The Nintendo Switch marked Nintendo’s move towards a combined home and mobile console platform. Unveiled in October 2016 and launched across the world in March 2017, the Nintendo Switch comprises a handheld tablet device that can be docked and played through a television, or attached to removable controllers that can be used as mobile devices.
The launch has been plagued with issues, with high budget games not being released on launch and even reports of devices becoming warped after prolonged exposure to the TV dock. This has not stopped Nintendo from selling 2.4 million units in its debut month – and now, it looks like the legendary gaming company is planning the launch of a mini version.
According to analysts from Citigroup Inc., the Switch hardware is simply too large to be widely adopted as a portable gaming console, being significantly clunkier and heavier than Nintendo’s famous GameBoy and DS lines. Analysts believes that Nintendo is currently planning a smaller version of its Switch game console, which could be released “in the fiscal year through March 2019.”
Citigroup experts, however, say that this won’t simply be a scaled down version of the Switch. Instead, the analysts believe that Nintendo will be creating a Switch device that is primarily focused on the portable market, meaning it will be lighter, smaller, and easier for children to hold in their hands – and will potentially be a similar size to the 3DS. They even went on to suggest that it could be a successor to the 3DS, which has seen many incarnations since the launch of the original DS in 2004.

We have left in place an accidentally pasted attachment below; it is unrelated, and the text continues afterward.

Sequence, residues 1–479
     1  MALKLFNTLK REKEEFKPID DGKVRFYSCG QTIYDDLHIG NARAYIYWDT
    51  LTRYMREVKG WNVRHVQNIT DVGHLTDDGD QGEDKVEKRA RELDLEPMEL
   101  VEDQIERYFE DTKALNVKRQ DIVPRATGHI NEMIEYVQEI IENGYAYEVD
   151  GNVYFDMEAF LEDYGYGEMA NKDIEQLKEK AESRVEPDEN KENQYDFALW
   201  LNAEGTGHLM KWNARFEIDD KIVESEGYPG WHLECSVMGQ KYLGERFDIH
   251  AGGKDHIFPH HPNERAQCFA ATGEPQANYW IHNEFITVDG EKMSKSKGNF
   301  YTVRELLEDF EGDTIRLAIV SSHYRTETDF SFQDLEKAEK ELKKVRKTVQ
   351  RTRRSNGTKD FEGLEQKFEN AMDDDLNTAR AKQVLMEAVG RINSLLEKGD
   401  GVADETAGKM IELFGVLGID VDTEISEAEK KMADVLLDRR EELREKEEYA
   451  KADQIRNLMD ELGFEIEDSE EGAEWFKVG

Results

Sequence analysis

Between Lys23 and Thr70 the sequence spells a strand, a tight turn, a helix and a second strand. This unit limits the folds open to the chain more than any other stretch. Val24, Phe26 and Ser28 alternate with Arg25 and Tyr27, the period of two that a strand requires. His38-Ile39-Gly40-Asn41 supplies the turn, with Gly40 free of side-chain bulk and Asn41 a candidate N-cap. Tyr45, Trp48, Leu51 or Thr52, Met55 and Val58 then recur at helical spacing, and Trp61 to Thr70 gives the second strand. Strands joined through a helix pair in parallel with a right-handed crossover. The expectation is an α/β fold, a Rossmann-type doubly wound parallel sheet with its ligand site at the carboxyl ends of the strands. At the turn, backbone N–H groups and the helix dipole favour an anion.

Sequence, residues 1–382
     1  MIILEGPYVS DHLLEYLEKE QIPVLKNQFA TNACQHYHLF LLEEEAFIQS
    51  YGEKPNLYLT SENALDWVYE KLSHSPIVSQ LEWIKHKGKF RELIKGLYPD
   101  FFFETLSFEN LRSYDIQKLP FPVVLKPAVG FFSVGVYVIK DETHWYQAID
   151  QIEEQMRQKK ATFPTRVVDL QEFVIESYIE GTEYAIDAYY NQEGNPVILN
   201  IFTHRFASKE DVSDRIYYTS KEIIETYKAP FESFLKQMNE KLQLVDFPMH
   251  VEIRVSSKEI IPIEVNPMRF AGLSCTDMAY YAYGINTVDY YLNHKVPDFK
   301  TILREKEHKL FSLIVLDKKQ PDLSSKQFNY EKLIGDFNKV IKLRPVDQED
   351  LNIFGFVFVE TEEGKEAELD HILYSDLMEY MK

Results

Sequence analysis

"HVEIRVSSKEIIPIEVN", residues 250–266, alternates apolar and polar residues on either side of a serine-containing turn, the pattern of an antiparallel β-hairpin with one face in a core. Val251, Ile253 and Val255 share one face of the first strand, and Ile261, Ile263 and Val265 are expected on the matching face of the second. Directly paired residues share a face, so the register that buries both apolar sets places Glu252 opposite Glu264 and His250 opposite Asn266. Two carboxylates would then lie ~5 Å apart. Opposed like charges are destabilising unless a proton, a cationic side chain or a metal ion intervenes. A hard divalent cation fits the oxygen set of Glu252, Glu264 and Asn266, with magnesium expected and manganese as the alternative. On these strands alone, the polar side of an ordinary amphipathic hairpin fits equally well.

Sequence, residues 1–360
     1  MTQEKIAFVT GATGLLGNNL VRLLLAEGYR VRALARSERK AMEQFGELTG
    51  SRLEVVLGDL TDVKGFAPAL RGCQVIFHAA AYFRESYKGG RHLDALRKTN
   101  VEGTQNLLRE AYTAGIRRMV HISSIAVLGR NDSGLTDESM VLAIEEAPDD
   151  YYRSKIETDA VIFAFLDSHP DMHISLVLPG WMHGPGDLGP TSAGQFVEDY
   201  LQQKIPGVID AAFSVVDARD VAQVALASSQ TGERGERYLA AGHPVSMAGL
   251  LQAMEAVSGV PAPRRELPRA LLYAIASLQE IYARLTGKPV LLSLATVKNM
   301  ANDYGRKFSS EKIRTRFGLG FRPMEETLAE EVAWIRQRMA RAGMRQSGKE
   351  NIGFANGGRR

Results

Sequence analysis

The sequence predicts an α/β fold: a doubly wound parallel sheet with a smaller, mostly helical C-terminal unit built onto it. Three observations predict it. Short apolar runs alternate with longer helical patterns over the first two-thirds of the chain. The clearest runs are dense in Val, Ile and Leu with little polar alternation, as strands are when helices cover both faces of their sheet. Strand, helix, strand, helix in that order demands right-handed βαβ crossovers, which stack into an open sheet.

If Citigroup’s predictions are correct, it could mean that Nintendo will ditch the dual screen format in favor of a more traditional handheld format, similar to the Sony PSP and PS Vita.
The problem the company will face, however, is ensuring that the device maintains its 3-6-hour battery life, which is achievable only because of the current Switch’s large battery. Traditional Nintendo handheld devices have allowed for reasonably long battery life because of the low-powered internals that allow it to run only less graphic-intensive games. Should Nintendo aim for a longer battery life, it would mean using less powerful internals or switching to more efficient chips.
If Nintendo is to release the device in two years, it gives the company plenty of time to turn to a Tegra X1 SoC, providing greater efficiency.
In Other Switch News
On April 17th, Nintendo rolled out the 2.2.0 software update for the Switch, which provides “general system stability improvements to enhance the user’s experience.”
Users who have their Switch connected to the Internet should find their device automatically downloads and installs the update, though it can also be manually updated if required. Nintendo hasn’t been clear about what the update specifically changes, though regular updates are common for games consoles and typically mend glitches noticed after release.